8 things you may not know about an adoptee from someone who is an adoptee:
1. An adoptee is someone who was adopted.
2. Adoptee's, in most cases, are the only ones in the adoption triangle-birth parents, child, adoptive parents - who did not have a choice.
3. An adoptee has lost and must grieve the loss of their birth parents, especially their birth mother, at some point in their life no matter the circumstances and "great life" they now have.
4. Being adopted does not mean the adopted person wants to be reminded of this by being known as the "adopted" child. It does mean that the adoptee wants the option to talk about their adoption and should be given it in their own terms. My sister is noticeably different than me and whenever we are together and the subject of relations and looks comes up - which is often - my sister has always replied one of us is adopted - And the subject is always dropped!
5. The right to know about their adoption should always be given freely and without fear of the child pushing away. People ask me, often, when they should tell their children about their adoption; I believe it shouldn't have to be "told" in one sit down family meeting - but given to them bit by bit as they grow older. Start with photos, tell them about your desire to have children, and how you became a family. Then, they'll never have to guess.
6. An adoptee may feel insecure at times about their place among a family that may not seem like them in look or personality. It isn't their fault and the parents should do everything they can to make sure that all their children feel "loved" the same. Someone asked a friend of mine who adopted and has had children by birth, if she could "love" her adopted child as much as the two she gave birth too- her answer was a resounding Yes! I remember having these insecure feelings - but I also remember, my parents doing all they could to make sure that I didn't feel this way for long.
7. There is a second reality that an adoptee experiences and that is the curiosity of what if I wasn't adopted, what would I be like, would I have a better life, what if my mom would have kept me... It's a natural curiosity and one I had until I met my birth father and birth mother's family a couple of years ago; when my second reality came crashing down - a story for another post. You can never know as a parent of an adopted child what that second reality is like, unless you create an openness with your child that you are not afraid to hear what they think or feel about these questions. Accepting the adoptee's feelings, doesn't mean that they will love you less.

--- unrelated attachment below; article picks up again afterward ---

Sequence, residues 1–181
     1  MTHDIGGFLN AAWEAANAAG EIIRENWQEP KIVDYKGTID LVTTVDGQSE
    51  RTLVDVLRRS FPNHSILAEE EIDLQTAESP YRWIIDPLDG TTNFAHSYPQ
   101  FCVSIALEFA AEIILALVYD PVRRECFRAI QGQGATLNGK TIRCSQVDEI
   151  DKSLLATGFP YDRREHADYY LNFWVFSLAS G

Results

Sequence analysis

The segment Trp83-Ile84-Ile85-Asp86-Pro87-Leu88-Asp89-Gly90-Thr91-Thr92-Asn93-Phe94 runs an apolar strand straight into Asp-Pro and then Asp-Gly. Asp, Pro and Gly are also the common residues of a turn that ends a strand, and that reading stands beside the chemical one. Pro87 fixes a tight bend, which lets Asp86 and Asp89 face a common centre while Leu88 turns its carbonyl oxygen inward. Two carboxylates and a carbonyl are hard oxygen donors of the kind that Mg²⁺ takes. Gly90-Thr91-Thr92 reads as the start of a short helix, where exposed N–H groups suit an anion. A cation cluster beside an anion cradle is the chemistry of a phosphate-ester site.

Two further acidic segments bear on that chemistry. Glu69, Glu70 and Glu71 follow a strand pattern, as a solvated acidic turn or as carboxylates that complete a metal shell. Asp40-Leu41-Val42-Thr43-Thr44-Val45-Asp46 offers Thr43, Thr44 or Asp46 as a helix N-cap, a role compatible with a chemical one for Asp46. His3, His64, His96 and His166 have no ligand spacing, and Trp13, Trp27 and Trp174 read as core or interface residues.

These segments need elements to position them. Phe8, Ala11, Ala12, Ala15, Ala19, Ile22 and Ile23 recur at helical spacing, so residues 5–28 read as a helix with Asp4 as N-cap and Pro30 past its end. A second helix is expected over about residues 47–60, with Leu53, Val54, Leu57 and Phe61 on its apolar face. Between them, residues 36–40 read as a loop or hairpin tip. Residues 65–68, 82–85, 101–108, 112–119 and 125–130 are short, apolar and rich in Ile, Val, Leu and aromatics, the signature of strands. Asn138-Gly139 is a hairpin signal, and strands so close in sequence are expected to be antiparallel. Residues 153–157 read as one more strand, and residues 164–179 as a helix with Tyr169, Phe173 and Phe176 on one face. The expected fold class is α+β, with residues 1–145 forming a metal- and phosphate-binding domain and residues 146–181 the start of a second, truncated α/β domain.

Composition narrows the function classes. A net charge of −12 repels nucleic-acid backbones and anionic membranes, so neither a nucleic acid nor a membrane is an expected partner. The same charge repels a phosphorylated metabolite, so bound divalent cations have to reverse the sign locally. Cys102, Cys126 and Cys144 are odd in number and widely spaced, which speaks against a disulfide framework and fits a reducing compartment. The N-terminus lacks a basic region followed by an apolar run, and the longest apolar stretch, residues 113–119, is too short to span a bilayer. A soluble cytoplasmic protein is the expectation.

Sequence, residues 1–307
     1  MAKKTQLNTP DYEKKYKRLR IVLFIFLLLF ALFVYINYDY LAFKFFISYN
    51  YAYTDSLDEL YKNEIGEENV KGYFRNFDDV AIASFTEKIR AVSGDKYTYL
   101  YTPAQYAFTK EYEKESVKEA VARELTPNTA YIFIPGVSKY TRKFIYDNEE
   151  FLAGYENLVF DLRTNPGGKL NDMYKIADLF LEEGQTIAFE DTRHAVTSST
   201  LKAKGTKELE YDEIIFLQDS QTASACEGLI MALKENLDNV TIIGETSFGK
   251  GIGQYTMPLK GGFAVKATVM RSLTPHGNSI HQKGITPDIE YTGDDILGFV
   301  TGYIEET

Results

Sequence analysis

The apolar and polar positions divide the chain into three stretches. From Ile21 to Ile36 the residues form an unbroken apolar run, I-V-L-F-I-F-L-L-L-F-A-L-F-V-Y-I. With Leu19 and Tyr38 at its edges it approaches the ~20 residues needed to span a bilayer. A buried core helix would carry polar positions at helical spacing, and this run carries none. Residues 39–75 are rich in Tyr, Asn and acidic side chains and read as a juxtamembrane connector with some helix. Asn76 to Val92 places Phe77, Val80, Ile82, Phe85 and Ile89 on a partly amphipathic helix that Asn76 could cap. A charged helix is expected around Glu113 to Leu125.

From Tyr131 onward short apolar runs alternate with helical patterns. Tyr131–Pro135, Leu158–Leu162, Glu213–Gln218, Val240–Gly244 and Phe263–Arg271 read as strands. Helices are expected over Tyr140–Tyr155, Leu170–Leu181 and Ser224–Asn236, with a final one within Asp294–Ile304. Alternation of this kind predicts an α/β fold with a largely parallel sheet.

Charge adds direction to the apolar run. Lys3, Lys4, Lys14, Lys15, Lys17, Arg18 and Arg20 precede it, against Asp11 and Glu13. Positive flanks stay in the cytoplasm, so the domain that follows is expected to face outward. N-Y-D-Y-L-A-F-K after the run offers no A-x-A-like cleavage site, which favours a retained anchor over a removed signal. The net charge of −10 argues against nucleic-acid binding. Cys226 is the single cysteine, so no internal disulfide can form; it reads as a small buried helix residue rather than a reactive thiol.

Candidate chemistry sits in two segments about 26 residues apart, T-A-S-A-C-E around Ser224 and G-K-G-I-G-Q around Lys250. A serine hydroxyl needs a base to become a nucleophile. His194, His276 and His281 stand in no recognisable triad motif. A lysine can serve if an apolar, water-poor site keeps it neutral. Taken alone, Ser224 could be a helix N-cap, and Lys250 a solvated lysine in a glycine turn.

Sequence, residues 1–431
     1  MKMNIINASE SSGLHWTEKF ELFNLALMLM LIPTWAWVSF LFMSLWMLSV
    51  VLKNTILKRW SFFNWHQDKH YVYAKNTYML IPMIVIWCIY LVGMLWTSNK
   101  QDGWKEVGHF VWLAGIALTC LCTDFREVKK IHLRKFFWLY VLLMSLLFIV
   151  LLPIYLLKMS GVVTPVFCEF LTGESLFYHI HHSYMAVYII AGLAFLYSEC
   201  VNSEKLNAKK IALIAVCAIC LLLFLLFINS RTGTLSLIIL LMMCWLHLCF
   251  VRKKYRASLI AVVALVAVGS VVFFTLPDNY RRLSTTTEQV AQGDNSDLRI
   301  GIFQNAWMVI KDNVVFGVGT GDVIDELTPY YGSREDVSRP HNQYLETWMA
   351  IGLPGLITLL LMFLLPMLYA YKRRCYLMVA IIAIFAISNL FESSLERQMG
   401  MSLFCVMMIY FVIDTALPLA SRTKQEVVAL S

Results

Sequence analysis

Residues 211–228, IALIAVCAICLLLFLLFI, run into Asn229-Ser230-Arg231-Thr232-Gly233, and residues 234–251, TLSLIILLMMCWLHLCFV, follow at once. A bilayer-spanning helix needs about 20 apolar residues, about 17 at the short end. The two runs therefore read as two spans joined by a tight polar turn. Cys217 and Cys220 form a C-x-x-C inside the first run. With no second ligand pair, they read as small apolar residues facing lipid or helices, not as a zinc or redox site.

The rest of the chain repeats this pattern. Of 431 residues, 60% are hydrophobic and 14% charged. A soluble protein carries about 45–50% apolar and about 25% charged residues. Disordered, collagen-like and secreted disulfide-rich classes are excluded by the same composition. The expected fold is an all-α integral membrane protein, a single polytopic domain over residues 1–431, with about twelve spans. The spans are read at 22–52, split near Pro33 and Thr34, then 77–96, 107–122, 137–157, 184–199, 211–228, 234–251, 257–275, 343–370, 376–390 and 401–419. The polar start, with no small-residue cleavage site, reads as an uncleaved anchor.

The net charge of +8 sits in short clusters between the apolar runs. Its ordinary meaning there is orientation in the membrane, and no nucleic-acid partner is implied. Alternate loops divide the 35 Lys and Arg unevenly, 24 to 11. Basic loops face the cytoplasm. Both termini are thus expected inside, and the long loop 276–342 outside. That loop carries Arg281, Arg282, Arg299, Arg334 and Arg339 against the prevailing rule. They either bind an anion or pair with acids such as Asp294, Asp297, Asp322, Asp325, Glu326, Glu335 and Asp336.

8. An adopted child can have a deep and loving appreciation for their adoptive parents. There are distinguishing meanings between the word mommy and the word mother. I understand my birth mother's reasons for relinquishing her rights as a mom and she will always have that special place in my heart as a champion for my life happiness. My mom, my adoptive mom, is the only person I have or will ever call mommy.
Adoption is a part of my life. It is never in the back of my mind - it is always in the front; whether it be my own adoption, my children's adoption, or answering other people questions about adoption. Are you adopted? Are you a birth mother? Adopted Parent? Do you know someone who is adopted? Either way, what are your feelings on this post - would you add anything or change anything?
If you are looking for information and understanding about adoptee's, the book Journey to the adopted self is an exceptional read. I read this book when I was about 26 and it changed the way I felt about my adoption.